14 Recommendations 7-8 A SSURING A S TRONG W ORKFORCE 7.Enumerate the Workforce What are we doing? Bureau of Health Professions - National Center for Workforce Analysis Bureau of Clinician Recruitment and Services - National Health Service Corps 8. Enhance the capacity of HRSA’s workforce What are we doing? HRSA Learning Institute A LIGNS WITH S TRATEGIC P LAN G OAL II: S TRENGTHEN H EALTH W ORKFORCE
15 Recommendations 9-11 I NCREASING C OLLABORATION AND A LIGNING P ROGRAMS 9.Improve HRSA-Specific Collaboration 10.Increase Federal Collaboration 11.Promote External and Cross-Cutting Stakeholder Collaboration What are we doing? LOTS!! A LIGNS WITH S TRATEGIC P LAN G OAL III: L EAD AND COLLABORATE WITH OTHERS TO HELP COMMUNITIES STRENGTHEN RESOURCES THAT IMPROVE HEALTH FOR THE POPULATION The National Prevention Strategy
16 National Prevention Strategy 16 Vision: Working together to improve the health and quality of life for individuals, families, and communities by moving the nation from a focus on sickness and disease to one based on prevention and wellness. Goal: Increase the number of Americans who are healthy at age 85. Four Pillars: Healthy Communities Preventive and Clinical and Community Efforts Empowered Individuals Eliminate Health Disparities
17 National Prevention Council Bureau of Indian AffairsDepartment of Labor Corporation for National and Community Service Department of Transportation Department of AgricultureDepartment of Veterans Affairs Department of DefenseEnvironmental Protection Agency Department of EducationFederal Trade Commission Department of Health and Human Services Office of Management and Budget Department of Homeland SecurityOffice of National Drug Control Policy Department of Housing and Urban Development White House Domestic Policy Council Department of Justice
18 National Prevention Strategy 18
19 NPS Priorities Tobacco Free Living Preventing Drug Abuse and Excessive Alcohol Use Healthy Eating Active Living Mental and Emotional Well- being Reproductive and Sexual Health Injury and Violence Free Living Source: National Vital Statistics Report, CDC,
20 Prevention: Common Foundation and Goal PREVENTION Assessment Policy Development Assurance Diagnosis Treatment Plan Adherence = PUBLIC HEALTHPRIMARY CARE
21 HRSA -the Affordable Care Act Improving access to health care Building the health care workforce Integrating public health and primary care
22 Increasing Access to Primary Care: Expanding Community Health Centers $9.5 billion is targeted to: o Create new health center sites in medically underserved areas. o Expand preventive and primary health care services, including oral health, behavioral health, pharmacy, and/or enabling services, at existing health center sites. $1.5 billion will support major construction and renovation projects at community health centers nationwide.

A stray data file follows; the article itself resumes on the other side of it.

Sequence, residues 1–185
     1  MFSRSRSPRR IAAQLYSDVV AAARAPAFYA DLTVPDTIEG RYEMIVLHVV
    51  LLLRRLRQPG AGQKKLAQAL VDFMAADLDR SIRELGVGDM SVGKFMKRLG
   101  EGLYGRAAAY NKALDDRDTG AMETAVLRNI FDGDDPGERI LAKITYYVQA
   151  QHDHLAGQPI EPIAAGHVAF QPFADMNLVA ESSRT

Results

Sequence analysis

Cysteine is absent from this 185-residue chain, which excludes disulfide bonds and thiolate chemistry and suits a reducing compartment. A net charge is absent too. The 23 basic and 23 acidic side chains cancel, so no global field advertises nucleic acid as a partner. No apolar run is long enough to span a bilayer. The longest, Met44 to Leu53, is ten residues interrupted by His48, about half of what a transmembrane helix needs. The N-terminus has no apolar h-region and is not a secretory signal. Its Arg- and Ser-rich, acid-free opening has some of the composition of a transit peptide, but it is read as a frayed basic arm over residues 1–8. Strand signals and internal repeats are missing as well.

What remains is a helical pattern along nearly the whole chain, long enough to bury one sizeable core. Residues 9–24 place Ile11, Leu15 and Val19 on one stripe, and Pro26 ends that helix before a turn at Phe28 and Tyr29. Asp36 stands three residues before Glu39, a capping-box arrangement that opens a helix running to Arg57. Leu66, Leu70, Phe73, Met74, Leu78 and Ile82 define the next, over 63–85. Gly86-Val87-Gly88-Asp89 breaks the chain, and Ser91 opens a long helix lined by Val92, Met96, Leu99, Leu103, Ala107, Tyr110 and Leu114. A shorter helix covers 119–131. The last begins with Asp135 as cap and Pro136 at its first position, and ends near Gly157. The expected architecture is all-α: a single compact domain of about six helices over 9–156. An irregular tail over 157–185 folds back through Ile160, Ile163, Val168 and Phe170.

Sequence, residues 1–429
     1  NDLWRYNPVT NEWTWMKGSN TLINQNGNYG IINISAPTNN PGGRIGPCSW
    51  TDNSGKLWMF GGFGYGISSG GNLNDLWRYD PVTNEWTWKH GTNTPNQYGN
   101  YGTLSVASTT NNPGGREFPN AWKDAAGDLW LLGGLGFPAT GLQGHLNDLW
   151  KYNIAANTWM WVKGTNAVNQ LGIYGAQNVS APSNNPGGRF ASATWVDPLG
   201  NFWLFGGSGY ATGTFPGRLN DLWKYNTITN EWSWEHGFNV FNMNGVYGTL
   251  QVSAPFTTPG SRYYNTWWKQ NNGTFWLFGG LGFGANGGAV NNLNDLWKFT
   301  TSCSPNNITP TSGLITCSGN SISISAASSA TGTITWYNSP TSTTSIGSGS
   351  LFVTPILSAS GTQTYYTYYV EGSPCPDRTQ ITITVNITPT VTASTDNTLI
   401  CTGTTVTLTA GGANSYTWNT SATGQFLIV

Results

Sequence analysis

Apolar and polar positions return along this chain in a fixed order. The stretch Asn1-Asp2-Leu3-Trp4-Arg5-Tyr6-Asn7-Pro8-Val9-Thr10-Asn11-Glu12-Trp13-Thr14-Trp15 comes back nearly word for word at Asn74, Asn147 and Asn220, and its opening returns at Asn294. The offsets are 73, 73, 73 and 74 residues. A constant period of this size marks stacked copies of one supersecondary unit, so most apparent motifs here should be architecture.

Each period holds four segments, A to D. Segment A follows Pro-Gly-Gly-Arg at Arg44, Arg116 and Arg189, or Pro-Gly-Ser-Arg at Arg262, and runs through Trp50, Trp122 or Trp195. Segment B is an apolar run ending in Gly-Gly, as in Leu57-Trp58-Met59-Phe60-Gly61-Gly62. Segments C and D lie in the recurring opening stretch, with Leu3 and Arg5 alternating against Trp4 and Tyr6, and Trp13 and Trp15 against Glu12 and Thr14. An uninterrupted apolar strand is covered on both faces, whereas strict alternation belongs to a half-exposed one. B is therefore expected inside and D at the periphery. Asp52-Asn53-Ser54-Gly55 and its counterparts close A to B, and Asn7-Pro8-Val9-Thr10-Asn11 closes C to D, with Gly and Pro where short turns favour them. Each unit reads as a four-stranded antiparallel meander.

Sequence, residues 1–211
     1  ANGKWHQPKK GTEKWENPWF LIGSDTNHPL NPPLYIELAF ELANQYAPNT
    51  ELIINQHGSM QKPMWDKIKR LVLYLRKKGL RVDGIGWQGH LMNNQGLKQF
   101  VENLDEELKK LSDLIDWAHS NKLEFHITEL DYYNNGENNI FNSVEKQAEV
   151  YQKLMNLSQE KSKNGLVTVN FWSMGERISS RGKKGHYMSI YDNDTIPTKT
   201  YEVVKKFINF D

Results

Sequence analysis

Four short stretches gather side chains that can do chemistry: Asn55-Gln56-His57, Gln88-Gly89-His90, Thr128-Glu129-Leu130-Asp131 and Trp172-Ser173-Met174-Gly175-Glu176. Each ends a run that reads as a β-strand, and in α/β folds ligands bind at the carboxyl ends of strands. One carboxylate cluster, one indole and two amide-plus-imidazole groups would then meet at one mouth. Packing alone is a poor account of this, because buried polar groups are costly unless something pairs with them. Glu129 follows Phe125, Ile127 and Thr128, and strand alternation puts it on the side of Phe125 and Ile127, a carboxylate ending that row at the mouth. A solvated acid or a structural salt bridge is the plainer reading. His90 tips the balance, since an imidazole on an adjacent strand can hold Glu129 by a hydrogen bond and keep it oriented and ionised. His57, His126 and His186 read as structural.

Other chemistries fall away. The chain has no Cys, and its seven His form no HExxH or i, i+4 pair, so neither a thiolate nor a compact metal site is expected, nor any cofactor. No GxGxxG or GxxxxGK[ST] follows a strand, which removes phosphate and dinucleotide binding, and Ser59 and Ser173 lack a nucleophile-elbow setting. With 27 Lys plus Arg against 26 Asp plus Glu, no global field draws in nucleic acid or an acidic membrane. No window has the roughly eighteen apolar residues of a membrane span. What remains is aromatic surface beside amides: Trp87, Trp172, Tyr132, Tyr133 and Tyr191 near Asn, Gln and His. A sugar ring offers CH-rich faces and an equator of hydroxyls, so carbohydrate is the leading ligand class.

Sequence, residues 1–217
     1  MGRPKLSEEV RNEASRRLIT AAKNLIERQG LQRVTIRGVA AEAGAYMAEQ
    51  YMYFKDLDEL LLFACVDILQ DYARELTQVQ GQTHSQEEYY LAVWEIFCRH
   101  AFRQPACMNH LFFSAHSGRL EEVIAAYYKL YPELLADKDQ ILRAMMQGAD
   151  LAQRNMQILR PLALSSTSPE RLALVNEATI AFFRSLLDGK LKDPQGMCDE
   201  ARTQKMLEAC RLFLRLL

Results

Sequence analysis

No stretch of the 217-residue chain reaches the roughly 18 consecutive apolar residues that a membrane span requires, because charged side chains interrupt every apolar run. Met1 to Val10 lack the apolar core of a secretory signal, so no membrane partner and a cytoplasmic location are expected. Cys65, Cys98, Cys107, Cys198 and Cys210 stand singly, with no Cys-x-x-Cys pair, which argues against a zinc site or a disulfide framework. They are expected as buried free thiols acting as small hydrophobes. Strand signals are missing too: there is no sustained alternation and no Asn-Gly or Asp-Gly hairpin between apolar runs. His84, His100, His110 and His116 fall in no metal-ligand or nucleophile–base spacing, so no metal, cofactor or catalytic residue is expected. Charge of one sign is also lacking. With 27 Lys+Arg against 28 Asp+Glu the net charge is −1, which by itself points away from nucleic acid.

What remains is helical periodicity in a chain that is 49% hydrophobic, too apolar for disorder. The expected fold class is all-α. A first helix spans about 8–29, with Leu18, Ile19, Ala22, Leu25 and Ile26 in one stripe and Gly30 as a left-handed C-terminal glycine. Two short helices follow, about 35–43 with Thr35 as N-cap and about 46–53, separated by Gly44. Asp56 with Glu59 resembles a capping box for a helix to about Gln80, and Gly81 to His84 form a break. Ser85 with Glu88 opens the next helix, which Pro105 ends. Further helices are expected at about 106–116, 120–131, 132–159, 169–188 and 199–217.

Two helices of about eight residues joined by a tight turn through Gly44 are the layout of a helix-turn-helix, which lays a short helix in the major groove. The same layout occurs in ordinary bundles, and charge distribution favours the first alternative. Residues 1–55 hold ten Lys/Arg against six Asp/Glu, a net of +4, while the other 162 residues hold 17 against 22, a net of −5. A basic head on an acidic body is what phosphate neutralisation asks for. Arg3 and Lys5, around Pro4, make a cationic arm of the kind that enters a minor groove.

23 o 51% User Board- by, for, with the community o “Core” Health Services Primary and Prevention Care Oral Health Behavioral Health Pharmacy, Lab, Imaging o “Enabling” Services Care Coordination Interpreter Services Health Education Outreach– navigation, CHWs Transportation and Home visiting Community Health Center Model
24 Access o 18.8 Million Patients o 92% Below 200% of Poverty o 71% Percent below 100% o 38% Uninsured Quality o 71% Diabetes Under Control o 63% Blood Pressure Under Control o 67% First Trimester Prenatal Care o 7.3% Low Birth Weight o 69% Childhood Immunization o 58% Pap Tests for Women Cost o $617 Cost Per Patient Source: Uniformed Data System 2009 Community Health Center Performance, 2009
25 Building the Primary Care Workforce National Health Service Corps $1.5 billion over next 5 years Increased number and amount of awards Part-time service option 2 or 4 year contracts Service credit for teaching Streamlined application and approval processes
26 Building the Health Care Workforce: Workforce Training/Planning Primary care residencies PA training in primary care Nursing students support Nurse managed health clinics State workforce planning Advanced Practice Nursing
27 Public Health Training Centers Budget FY 2000: $2.5 Million FY 2001: $4.6 Million FY 2002: $5.5 Million FY 2003: $5.5 Million FY 2004: $4.9 Million FY 2005: $4.8 Million FY 2006: $4.4 Million FY 2007: $4.5 Million FY 2008: $4.7 Million FY 2009: $5.2 Million FY 2010: $18.6 Million $3.2 M – Appropriations $15.4 M – Prevention and Public Health Fund
28 Prevention and the ACA - More Healthy Weight Collaborative Coverage of preventive services School based health centers Home visitation program Text4Baby
29 Other Prevention and Public Health Programs Tobacco cessation Stop Bullying Now Poison control centers
30 Connecting Public Health, Primary Care and Prevention– Final Thoughts “The health of the individual is almost inseparable from the health of the larger community. And the health of each community and territory determines the overall health status of the Nation” (Source: Koh; A 2020 vision for healthy people. N Engl J Med 2010). “).
31 CAPT Sarah Linde-Feucht, MD Chief Public Health Officer Thank you!